The NATO Response Force has only been used 6 times (The 2004 Olympic Games, the Iraqi Elections, the 2011 Libyan civil war, humanitarian relief to Afghanistan, humanitarian relief in the wake of Hurricane Katrina, and humanitarian relief in the earthquake disaster in Pakistan).

Finland joined the NRF in March 2008. By October 2011, NRF was in its seventeenth generation.[4]

Ukraine joined in 2010. In July–December 2010 Ukraine's Armed Forces platoon specialized in nuclear, biological and chemical threats participated in the 15th rotation of the NRF.[5]

Sweden joined in 2013.[6]

Criticism[edit]

"Despite these various efforts, the cold reality is that across a series of recent conflicts, from the Balkans to Afghanistan to Iraq, the United States and its allies remain unable to meaningfully fight wars together.


• In Bosnia and Kosovo, the United States was unable to share air tasking and targeting data with its NATO partners, severely restricting the ability of NATO aircraft to fly the same missions or even in the same airspace with U.S. aircraft. Airspace management and deconfliction remained a problem throughout the conflicts in Bosnia and Kosovo.
• The U.S. was unable to share remote sensor information in a timely manner with its NATO partners because of security restrictions and incompatible communications and battlefield information systems. This problem remained unresolved in Afghanistan, and even in Iraq, where British forces found their flexibility and operational tempo constrained by the inability to access U.S. targeting systems such as JSTARS and Global Hawk.
• Shortages of precision munitions and aircraft cleared to deliver them limited the numbers and types of targets that could be engaged by NATO aircraft; suppression of Enemy Air Defenses (SEAD) remained a major weakness through both operations.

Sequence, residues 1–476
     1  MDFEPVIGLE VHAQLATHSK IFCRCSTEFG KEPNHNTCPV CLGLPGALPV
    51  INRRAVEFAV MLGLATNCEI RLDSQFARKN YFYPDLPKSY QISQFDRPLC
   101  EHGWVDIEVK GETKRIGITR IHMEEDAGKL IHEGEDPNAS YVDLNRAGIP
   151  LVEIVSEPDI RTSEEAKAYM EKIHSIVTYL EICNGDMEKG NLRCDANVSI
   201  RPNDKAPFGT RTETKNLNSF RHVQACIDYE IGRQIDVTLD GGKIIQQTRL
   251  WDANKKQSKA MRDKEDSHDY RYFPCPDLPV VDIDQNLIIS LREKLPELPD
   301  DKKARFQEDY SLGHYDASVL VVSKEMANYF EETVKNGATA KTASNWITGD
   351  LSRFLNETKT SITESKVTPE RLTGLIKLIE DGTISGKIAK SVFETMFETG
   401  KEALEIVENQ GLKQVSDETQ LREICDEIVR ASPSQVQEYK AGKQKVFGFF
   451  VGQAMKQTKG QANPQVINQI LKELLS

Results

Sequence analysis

• Combat Identification has remained problematic, despite significant effort devoted to operational solutions. The loss of Canadian troops in Afghanistan and British aircraft in Iraq to U.S. “friendly fire” points out the difficulty of operating multinational forces in a common battlespace."[7]

Given the time required for bonding and cohesion to build in standard military units, it is questionable if six-month rotations are long enough to generate high unit cohesiveness in an international, joint-services force such as the NRF:

"On the other hand, as a standing force, AMF-L did manage to develop a coherent doctrine and operational method, with considerable interoperability among the national components, something that the rotational nature of the NRF makes much more difficult to accomplish."[8]

See also[edit]

Notes[edit]

  1. ^ "The NATO Response Force". NATO. Retrieved 15 June 2014. 
  2. ^ a b p.8, Kugler, Richard, The NATO Response Force 2002–2006: Innovation by the Atlantic Alliance, Case Studies in Defense Transformation, National Defense University, Center for Technology and National Security Policy, Fort Lesley J. McNair,Washington, DC, 2007
  3. ^ p.10, Kugler, Richard, The NATO Response Force 2002–2006: Innovation by the Atlantic Alliance, Case Studies in Defense Transformation, National Defense University, Center for Technology and National Security Policy, Fort Lesley J. McNair,Washington, DC, 2007
  4. ^ "Press release, Naples". NATO. 
  5. ^ "Developing constructive partnership between Ukraine and NATO". MFA of Ukraine. 
  6. ^ "Sweden to join NATO Response Force and exercise Steadfast Jazz". NATO. 14 October 2013. Retrieved 14 October 2013. 
  7. ^ "BARO Response Force". National Defense University. 
  8. ^ "Report, p. 18". National Defense University. 

External links[edit]